Now we’re on to Iodophor and this stuff is great. It’s a no rinse, iodine based sanitizer. It needs a short contact time, only about a minute. It’s pretty cheap. This bottle was about twelve dollars and it lasts a long long time. It’s really effective. You don’t have to worry about anything if you use it right. It’s gonna sanitize all your equipment really well. Drawbacks of it – you can see it’s a dark brown color, and over time it will stain your equipment. In fact it stains everything. If you get it on your clothes, your hands, your kitchen counter. It’s only cosmetic on your equipment, but that might matter to you. It matters to me. Especially on you vinyl tubing on your siphons, it will definitely stain that. So Iodophor, I recommend it, a lot of homebrewers use it. I used it for years, but it’s not my favorite, but I will show you my favorite right now. So this is Star San and in my opinion it’s the best homebrewing sanitizer out there. It’s really effective stuff. It’s no rinse. It needs a short contact time – only about a minute. It seems expensive because this little bottle is about eight dollars, but here’s the thing, you can use it over and over again if you use distilled or RO water. So this little bottle ends up lasting a long, long time. Now, a lot of new brewers are afraid of using Star San because it creates a lot of foam, and they don’t want to mix the beer with the foam. But as we say, “Don’t fear the foam”. It’s not bad for it. I rack on to the foam all the time when I’m transferring my beer and it’s never been a problem. In fact, the foam is a nutrient for the yeast. It’s a yeast food. So it’s actually good for it.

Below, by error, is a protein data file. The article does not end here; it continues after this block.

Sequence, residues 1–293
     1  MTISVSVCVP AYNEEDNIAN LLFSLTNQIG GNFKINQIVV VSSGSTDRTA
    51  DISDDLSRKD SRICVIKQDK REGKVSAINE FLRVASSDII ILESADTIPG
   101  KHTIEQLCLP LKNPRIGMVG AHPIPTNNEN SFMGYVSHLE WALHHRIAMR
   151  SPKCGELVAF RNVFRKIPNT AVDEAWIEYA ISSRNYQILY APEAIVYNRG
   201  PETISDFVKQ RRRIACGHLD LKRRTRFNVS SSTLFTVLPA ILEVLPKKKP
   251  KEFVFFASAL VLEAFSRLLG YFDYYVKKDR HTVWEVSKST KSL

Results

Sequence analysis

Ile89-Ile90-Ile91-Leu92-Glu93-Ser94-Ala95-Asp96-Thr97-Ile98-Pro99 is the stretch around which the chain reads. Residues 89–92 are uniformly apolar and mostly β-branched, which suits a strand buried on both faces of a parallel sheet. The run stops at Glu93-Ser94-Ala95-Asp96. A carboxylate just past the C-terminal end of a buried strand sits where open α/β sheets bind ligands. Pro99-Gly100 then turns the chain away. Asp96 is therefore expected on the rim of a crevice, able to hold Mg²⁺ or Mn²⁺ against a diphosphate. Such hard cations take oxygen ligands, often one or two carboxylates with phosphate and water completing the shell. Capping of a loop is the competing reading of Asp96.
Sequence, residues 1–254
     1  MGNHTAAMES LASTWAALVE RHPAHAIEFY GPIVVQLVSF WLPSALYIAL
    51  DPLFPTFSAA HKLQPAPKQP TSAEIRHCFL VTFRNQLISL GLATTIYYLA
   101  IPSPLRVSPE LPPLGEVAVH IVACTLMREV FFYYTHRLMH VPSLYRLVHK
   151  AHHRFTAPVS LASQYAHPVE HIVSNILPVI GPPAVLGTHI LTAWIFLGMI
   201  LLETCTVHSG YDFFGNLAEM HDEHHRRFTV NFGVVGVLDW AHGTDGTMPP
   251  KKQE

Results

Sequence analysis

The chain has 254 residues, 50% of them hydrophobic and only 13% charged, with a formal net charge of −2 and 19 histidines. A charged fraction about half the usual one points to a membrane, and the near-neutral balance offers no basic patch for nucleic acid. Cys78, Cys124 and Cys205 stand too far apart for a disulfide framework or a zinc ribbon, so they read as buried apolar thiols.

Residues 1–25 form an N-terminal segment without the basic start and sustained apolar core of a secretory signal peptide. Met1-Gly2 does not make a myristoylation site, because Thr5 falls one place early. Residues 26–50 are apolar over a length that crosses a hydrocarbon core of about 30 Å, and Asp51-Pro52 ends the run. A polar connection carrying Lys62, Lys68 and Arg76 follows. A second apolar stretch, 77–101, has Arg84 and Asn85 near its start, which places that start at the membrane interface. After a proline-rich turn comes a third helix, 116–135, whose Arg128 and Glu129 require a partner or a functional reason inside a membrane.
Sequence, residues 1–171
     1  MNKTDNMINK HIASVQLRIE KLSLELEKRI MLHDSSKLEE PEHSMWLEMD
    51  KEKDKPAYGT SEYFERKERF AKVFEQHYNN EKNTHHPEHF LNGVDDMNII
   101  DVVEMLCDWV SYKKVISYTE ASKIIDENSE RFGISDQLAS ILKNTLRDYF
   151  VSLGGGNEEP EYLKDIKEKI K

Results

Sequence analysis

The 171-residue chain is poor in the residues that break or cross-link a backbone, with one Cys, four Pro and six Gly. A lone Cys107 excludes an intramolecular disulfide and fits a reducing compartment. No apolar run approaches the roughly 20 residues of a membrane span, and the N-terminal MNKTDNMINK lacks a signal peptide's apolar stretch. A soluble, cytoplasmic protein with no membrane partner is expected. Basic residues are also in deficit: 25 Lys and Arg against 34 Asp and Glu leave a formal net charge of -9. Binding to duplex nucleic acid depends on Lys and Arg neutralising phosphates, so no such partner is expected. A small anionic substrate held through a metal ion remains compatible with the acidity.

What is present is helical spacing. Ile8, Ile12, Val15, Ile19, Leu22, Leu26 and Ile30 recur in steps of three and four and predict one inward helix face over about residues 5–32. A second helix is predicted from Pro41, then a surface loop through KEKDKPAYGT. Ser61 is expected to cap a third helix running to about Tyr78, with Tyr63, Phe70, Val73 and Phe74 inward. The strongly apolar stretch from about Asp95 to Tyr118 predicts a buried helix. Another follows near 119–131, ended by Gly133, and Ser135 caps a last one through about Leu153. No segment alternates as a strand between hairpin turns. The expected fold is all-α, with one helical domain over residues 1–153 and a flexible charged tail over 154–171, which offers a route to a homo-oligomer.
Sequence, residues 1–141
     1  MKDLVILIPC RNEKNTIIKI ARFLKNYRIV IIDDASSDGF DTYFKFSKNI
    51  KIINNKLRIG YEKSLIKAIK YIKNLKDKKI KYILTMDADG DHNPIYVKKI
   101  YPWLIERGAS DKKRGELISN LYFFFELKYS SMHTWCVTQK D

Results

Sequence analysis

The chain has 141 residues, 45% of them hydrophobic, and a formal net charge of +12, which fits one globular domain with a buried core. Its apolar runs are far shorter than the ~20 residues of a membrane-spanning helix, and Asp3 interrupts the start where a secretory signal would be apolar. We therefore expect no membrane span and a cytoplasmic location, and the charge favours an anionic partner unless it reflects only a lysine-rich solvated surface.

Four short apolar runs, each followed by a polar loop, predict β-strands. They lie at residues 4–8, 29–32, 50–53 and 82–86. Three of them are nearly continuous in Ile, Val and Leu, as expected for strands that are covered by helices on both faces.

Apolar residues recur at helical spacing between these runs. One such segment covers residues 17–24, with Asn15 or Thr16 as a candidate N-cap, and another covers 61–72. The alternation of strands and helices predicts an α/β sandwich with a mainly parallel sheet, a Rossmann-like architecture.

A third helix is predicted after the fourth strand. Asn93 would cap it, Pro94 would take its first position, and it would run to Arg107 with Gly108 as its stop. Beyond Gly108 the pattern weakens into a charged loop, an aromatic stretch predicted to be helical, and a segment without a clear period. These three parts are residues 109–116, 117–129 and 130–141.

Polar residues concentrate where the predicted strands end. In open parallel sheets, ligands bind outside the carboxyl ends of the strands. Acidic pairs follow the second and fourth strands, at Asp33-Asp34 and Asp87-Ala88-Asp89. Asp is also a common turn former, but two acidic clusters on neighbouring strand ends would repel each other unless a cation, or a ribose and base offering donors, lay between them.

So to wrap up here I’m going to show you a little trick with the Star San. It will make your life a whole lot easier. You can actually it into a spray bottle and sanitize your equipment that way. So for example if I’m transferring from my carboy and I want to sanitize the neck of it, which is a good idea, I just give it a little sprits and it makes it super simple to sanitize it. Plus you use a whole lot less and it will last a long, long time. So this is a handy thing to have around.
So those are my picks for the two best sanitizers. The two I really recommend are Iodophor and Star San. One-Step is OK but I would get off of it, and I don’t recommend bleach.
Thanks for watching, and I’ll talk to you down in the comments. Cheers.